Wonder What Denmark Does at Home When on Lockdown?
BAKE WITH ALL YOUR HAMSTERED YEAST
While the rest of the world was hoarding toilet paper, here in Denmark the Danes load up on yeast. (And toilet paper.) It’s true. But yeast. That one was a surprise to me at first. But digging a bit deeper, and asking a few Danes, it turns out there is a precedent for all that yeast knabbing.
GÆR-KRISEN | YEAST CRISIS
It was the great “gær-krisen,” or “yeast crisis” of 1998. That year, over a half million Danish workers in the private sector were set to go on one of the largest public strikes the country had ever seen. Food supplies stopped, groceries closed and people panicked. A notorious Norwegian air-lifted yeast to fill black market needs. How would Denmark survive without their daily bread? Danes do make good bread. They have many sayings here in Danish that deal with bread. My favorite has to be when you want to tell someone to chill out or calm down – “spis brød til.” Eat some bread.
RELATED: FIVE MOST UNIQUELY DANISH FOODS
YEAST HOARDING 2020
But how can you eat bread, or even relax for that matter, if you can’t buy it at the shops? If you’re a Dane, you must bake it. For 11 days back in 1998, the lack of bread was a real concern. But now? In pandemic times of 2020? When Mette Frederiksen, the Danish Prime Minister closed the country’s borders back on March 13th, many Danes remembered the low stocks of yeast from years back. We saw. It was difficult to find at first. Empty bins in the cold storage where once there were many. But as the government promised, food supplies were stable and shelves soon restocked.
To keep people from procuring too many at one time, online food delivery giant Nemlig.com put a three-yeast limit on each customer’s order. If you could garner a delivery time that is. So we naturally put some in our online basket when we could. When in Denmark, I say. But what to bake?
If you are like many of my international friends from any of the Commonwealth countries and since Easter is quickly approaching, you’ll be all over the interwebs looking for surefire tips to perfectly top your hot cross buns. Me? The thought of all those raisins or sultanas and any other dried or desiccated fruit that the recipe requires turns me right off. So I’m bouncing down a different path and putting these cute little bunny butts on my brunch table.
CARDAMOM-ORANGE EASTER BUNNIES FOR YOUR #STAYHOME BRUNCH
Here in Denmark, we’re flattening the curve. We closed up early and it appears to be working. So stay home. Still. And don’t come to Copenhagen, she said. Not yet. And set your little bakers to rolling and twisting these tangy orange and slightly spiced little Easter buns. Don’t forget the tails. I like bunny buns and I can not lie. You other bunnies can’t deny.
I’ve included the American/European equivalents if you don’t have cup measures. Living in Denmark, I can do either, but will admit my unpopular opinion that I don’t prefer using a scale when I cook. I also used the whole block of Danish yeast, but have since learned that I only needed half. My bunny butts were fluffy for sure. Kind of like mine after two weeks of home isolation. If you like cardamom, you could definitely add more as I found the amount to be quite subtle. But it’s up to you. Cheers from here. What you baking in your quarantine kitchen?
Sweet and slightly spiced bunny buns for Easter brunch. Adapted from Better Homes and Gardens recipe.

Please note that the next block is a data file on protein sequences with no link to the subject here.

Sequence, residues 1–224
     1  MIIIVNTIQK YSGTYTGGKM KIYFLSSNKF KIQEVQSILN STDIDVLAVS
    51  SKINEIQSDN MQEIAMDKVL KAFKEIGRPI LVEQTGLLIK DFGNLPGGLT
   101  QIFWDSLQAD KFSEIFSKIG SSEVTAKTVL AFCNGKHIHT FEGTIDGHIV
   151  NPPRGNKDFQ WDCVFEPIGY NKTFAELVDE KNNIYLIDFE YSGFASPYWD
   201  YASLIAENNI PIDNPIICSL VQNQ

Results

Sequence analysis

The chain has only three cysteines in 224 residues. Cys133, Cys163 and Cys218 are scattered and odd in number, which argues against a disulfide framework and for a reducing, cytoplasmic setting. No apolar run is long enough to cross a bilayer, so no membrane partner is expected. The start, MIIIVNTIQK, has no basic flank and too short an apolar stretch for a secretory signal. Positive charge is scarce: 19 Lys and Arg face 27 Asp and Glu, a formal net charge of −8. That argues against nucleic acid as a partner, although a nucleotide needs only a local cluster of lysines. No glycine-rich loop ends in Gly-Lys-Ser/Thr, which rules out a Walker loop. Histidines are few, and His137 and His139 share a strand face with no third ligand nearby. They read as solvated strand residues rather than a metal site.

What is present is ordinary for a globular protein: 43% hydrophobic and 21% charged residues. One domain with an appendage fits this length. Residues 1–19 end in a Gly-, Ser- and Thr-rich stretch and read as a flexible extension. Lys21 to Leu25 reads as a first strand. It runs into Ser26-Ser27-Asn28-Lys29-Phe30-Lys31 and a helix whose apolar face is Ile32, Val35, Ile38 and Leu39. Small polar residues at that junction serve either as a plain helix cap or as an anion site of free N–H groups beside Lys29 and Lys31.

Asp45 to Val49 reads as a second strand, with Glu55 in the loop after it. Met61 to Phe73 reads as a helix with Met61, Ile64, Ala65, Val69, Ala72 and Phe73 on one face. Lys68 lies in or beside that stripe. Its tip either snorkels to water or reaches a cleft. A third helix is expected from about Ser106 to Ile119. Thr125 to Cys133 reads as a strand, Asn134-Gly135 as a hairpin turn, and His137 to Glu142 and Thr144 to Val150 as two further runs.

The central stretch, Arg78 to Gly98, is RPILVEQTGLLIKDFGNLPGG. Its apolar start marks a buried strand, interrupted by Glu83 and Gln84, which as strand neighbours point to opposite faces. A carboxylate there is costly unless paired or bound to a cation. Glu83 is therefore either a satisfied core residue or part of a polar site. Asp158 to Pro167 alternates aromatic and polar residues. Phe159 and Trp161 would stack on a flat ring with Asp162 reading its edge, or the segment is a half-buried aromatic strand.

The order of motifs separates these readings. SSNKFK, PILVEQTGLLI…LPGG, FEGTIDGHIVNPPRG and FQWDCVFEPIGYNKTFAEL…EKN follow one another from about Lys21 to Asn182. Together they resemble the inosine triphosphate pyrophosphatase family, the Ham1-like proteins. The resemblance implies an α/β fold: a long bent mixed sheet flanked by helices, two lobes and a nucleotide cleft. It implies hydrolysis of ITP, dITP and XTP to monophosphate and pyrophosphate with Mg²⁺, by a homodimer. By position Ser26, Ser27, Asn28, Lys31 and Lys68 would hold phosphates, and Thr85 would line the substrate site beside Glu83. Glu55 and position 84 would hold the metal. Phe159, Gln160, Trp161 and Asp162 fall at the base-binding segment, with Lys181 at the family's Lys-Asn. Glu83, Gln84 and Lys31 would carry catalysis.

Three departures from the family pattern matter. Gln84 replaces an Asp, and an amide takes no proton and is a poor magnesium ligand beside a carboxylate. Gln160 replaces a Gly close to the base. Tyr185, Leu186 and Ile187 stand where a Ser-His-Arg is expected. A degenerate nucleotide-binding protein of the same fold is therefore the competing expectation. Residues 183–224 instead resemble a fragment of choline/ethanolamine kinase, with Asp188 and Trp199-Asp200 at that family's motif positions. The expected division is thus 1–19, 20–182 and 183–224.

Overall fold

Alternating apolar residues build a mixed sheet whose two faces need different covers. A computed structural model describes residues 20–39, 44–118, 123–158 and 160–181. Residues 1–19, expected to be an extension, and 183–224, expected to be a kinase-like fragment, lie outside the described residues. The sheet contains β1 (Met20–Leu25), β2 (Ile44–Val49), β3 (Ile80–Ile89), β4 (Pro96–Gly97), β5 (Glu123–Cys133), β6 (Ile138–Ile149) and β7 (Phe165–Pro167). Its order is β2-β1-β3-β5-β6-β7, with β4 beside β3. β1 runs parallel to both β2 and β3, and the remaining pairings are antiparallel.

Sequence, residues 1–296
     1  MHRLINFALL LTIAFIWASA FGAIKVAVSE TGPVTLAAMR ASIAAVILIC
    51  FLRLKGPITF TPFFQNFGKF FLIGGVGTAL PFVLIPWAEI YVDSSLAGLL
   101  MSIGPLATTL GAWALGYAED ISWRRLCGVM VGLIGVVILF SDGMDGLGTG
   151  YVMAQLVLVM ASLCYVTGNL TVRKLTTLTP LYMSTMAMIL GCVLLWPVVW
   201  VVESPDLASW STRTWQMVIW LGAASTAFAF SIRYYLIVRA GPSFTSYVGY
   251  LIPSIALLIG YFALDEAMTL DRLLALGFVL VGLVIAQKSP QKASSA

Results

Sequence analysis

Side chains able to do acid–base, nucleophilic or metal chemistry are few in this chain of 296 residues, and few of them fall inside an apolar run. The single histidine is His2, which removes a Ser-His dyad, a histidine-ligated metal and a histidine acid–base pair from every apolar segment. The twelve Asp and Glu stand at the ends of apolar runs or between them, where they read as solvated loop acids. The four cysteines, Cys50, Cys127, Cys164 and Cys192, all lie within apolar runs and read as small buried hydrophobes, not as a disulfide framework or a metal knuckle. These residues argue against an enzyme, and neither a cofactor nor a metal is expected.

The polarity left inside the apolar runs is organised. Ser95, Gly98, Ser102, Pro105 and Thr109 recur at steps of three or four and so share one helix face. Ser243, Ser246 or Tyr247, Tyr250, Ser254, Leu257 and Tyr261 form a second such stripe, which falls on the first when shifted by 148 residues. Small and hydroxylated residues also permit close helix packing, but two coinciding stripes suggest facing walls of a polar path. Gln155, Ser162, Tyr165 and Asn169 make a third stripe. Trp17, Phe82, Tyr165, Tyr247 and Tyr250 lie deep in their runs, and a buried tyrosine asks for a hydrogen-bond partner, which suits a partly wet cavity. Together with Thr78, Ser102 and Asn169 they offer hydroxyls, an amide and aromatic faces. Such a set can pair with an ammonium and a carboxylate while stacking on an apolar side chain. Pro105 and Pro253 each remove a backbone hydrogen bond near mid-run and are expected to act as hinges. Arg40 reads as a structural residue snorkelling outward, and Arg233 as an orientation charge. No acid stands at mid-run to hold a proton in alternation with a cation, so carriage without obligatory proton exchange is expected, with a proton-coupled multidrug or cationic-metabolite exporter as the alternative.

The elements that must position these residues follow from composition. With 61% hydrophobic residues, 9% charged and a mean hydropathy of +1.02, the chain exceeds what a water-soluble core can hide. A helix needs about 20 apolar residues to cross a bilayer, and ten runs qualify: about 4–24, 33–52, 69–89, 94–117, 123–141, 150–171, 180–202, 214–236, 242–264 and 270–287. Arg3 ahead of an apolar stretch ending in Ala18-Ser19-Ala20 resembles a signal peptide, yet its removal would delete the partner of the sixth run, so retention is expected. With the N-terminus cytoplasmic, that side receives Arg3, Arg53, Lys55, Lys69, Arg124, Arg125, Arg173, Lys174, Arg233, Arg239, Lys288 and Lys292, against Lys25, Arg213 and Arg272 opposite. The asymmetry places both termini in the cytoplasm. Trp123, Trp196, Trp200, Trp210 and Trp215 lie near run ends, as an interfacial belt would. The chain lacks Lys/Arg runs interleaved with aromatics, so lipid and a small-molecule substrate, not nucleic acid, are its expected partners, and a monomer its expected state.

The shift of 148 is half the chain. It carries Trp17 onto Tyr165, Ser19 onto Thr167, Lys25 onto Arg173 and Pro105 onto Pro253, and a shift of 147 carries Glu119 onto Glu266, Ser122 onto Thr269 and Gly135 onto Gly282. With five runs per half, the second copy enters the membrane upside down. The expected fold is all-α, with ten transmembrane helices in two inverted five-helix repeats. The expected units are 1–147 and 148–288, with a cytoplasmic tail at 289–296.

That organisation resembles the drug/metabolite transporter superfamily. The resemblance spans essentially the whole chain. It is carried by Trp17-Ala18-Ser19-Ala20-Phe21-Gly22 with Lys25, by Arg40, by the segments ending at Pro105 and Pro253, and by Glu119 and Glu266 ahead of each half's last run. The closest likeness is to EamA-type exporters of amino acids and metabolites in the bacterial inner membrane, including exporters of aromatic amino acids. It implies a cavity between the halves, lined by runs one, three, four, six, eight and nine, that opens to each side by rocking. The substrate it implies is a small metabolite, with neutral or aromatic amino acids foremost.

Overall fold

- 5 1/4 - 5 3/4 cup all-purpose flour (660 - 700 g)
- 25 g fresh yeast (half a block = 1 package active dry yeast)
- 1 tsp ground cardamom
- 1 1/4 cup milk (at room temperature) (315 mL)
- 1/2 cup butter melted (113 g)
- 1/2 tsp salt
- 2 whole eggs
- 2 Tbsp finely shredded orange peel
- 4 Tbsp orange juice
- 1 cup sifted powdered sugar (120 g)
- 2-3 Tbsp orange juice
- 1-2 tsp finely shredded orange zest
Mix milk, sugar, yeast until dissolved and let sit for 5 minutes
Put 2 cups of the flour in a mixing bowl, add salt and cardamom.
Add milk mixture to dry mixture and beat with electric mixer on low to medium. Scrape down sides every 30 seconds.
Add eggs and orange juice. Beat on high for 3 minutes.
Using a wooden spoon, mix in orange peel and as much of the remaining flour as you can.
Turn dough out onto a floured surface. Knead in the remaining dough to make a moderately soft dough that is smooth and elastic. (3 to 5 minutes in total) Shape dough into a ball.
Place dough in a lightly greased bowl; turn once. Cover and let rise in a warm place until doubled in size. About an hour.
When risen, punch dough down. Turn out onto the lightly floured surface. Divide in half. Cover and let sit 10 minutes.
Lightly grease two baking sheets. Large bunnies will go on one and small bunnies on the other. For large bunnies, roll one portion of the dough into a 14x10 inch (35x25cm) rectangle.
Cut the rectangle in half crosswise. Divide one portion of this dough in half and roll each half into a rope about 16 inches (40 cms) long. On one of the lightly greased baking sheets, overlap one end of the rope over the other to form a loop, twist and flatten tips for ears. (See photo). Make a second large bunny with remaining rope.
For small bunnies, use the remaining half of dough. Roll into a rectangle again. Cut into 6 strips, 10 inches long. Roll 5 strips of dough into ropes and shape on the second baking sheet in same fashion as large bunnies.
With the last remaining strip of dough, roll balls for bunny tails. Moisten and affix to the bottom of loop and press onto dough. After shaping, cover and let rise again. (30-45 minutes)
Preheat oven to 375 F (190 C). Bake small bunnies 11-12 minutes or until golden brown. Bake large bunnies 13-15 or until golden brown. Remove from baking sheets. Cool on rack. Frost with orange icing while warm.
Make orange icing - mix more shredded orange peel, orange juice with powdered sugar to desired flavor and consistency.
ENJOY. Happy Easter and God Påske!